Whether you keep your boat afloat in the water for the better part of a year or haul it ashore at the end of the boating season, treating your hull properly is essential to ensure boat longevity. Applying antifouling paint is a relatively easy chore and doing it yourself will save you a great deal of money.
In this practical guide to antifouling, we’ll explain how underwater paint works and how to choose the right antifouling paint, as well as walk you through the basic steps of applying the paint.
Now, let’s dive into the details
What is antifouling?
Simply put, antifouling is a paint coating used to protect the part of a boat which is under the waterline from organisms that can cause harm. Antifouling works to prevent damage caused by animal and plant pests by releasing bioactive ingredients that slow down the growth of harmful organisms.
What are the benefits of antifouling?
- Protection: When in the water, your boat is exposed to pests such as barnacles, weed and slime which can attach to the bottom of the boat and cause damage to the hull. By preventing such damage, you will significantly extend your boat’s lifespan.
- Smoother steering manoeuvres: Fouling can affect the response time of your boat which, in turn, can lead to dangerous consequences. By painting your boat with antifouling you gain better control of your vessel.
- Improved speed and fuel efficiency: Keeping your boat free from fouling has a significant impact on speed and fuel consumption. Having a smooth hull will cause your boat to have less frictional resistance and use less fuel, thus saving you money.
There are three basic types of antifouling paints available: soft antifoul, hard antifoul and copper-based antifoul.
Soft antifoul, also referred to as eroding antifoul, is partially water-soluble, due to which it is slowly polished off as water passes across the boat’s hull. Soft antifoul is in turn split into two types: ablative and self-polishing. Ablative antifoul erodes unevenly while self-polishing erodes evenly, giving a smoother surface and less drag.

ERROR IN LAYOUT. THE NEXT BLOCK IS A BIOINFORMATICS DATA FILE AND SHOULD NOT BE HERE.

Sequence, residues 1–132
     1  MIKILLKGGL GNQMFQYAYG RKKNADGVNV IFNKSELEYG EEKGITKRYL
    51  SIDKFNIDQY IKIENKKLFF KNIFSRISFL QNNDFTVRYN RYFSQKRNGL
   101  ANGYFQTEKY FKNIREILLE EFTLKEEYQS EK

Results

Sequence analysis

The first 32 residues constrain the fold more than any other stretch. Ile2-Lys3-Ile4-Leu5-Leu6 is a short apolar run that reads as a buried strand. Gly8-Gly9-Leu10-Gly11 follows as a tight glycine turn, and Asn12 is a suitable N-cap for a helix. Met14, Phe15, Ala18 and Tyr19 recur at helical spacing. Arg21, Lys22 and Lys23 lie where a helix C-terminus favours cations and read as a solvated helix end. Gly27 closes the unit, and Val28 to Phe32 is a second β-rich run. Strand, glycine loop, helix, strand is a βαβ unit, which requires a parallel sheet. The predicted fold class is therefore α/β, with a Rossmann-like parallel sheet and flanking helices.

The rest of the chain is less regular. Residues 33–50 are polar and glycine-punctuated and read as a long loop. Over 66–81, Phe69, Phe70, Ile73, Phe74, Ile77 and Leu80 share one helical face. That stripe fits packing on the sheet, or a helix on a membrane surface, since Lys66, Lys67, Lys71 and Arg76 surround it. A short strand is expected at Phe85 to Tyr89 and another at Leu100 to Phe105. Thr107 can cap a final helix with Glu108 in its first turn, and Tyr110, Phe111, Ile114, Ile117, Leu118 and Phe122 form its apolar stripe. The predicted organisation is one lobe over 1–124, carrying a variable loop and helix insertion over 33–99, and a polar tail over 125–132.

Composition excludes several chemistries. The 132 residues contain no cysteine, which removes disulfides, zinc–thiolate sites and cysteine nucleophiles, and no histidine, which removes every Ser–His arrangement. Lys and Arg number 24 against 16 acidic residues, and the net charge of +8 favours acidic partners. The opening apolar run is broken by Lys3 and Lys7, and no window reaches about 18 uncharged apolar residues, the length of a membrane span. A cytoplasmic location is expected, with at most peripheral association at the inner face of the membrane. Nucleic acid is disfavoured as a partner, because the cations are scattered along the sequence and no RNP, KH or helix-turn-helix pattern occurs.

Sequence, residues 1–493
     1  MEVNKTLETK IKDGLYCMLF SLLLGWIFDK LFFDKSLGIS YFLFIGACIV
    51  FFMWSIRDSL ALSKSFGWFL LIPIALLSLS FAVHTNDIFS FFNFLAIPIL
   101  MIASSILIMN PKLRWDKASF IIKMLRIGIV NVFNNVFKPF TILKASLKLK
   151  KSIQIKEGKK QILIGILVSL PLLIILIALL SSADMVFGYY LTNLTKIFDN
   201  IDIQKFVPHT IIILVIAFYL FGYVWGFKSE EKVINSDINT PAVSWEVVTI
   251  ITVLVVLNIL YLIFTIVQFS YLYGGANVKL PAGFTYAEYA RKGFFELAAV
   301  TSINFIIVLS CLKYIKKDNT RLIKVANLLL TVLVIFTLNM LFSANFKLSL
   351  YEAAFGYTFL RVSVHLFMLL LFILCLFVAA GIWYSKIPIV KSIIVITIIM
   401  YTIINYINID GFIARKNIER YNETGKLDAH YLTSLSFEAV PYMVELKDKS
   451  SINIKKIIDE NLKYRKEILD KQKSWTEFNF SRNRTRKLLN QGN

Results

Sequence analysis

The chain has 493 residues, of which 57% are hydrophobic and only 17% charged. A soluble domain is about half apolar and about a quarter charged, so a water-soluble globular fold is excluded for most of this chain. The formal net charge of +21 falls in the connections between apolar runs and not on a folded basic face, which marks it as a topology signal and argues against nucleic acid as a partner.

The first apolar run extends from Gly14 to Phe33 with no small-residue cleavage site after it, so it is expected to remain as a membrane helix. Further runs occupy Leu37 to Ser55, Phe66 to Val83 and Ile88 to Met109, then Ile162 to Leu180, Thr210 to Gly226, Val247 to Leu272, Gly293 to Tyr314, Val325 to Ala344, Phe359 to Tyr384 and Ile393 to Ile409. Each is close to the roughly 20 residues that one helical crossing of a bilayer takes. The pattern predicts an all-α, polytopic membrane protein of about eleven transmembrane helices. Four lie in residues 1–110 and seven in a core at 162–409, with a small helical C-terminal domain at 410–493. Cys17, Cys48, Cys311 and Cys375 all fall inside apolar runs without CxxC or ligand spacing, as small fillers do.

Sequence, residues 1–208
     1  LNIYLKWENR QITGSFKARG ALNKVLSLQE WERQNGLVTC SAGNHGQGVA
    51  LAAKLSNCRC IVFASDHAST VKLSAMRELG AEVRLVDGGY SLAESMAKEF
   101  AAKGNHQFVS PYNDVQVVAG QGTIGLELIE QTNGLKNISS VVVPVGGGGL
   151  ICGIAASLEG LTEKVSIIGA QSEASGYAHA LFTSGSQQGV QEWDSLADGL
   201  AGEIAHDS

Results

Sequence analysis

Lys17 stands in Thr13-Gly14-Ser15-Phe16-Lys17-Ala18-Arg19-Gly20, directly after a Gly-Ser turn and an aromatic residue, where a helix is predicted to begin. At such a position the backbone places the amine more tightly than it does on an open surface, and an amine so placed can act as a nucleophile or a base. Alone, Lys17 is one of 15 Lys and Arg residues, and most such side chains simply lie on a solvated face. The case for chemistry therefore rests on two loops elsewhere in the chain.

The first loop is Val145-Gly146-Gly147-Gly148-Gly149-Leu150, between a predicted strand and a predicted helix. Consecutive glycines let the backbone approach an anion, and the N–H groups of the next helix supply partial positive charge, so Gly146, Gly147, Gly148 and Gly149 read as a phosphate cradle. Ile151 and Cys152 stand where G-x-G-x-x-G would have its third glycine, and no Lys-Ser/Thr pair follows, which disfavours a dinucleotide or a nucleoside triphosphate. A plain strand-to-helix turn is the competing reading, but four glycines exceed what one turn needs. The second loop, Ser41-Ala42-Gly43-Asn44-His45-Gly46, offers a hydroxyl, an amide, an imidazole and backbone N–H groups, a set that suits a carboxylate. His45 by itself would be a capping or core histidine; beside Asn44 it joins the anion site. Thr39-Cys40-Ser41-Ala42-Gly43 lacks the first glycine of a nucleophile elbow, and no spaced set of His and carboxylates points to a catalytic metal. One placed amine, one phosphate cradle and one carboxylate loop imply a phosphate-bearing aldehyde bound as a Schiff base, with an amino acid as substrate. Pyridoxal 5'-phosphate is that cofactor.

Hard antifoul, or contact leaching antifoul, forms a hard surface on the hull and doesn’t wear off like soft antifouling. Hard antifoul can be scrubbed or burnished to create a smooth hull with less frictional resistance.
Copper-based, or polishing copolymer antifoul, is similar to soft antifoul with the difference that copper-based coating releases biocides depending on how fast the binder dissolves.
How to find the right antifoul for your boat
Choosing the best antifouling paint is a crucial part of keep your boat performing its best. However, due to a wide range of products available, choosing the correct paint can seem like a gruelling task. Here are some tips to get you started.
To begin with, you should consider the type of boat you are using:
- Sailboats and small power boats: Soft antifoul is usually the best choice for smaller vessels such as sailboats or power boats with speeds up to 30 knots. The boat needs to be used semi-regularly in order for the paint to be polished evenly.
- High-performance boats and racing yachts: If you own a seriously fast boat or a boat that is in regular use then hard antifoul is the surest way to go. Most race boat owners prefer hard antifoul because this kind of paint can also be wet sanded to a smooth finish, making the boat even faster. Copper-based antifouling paint can also be used for these types of vessels.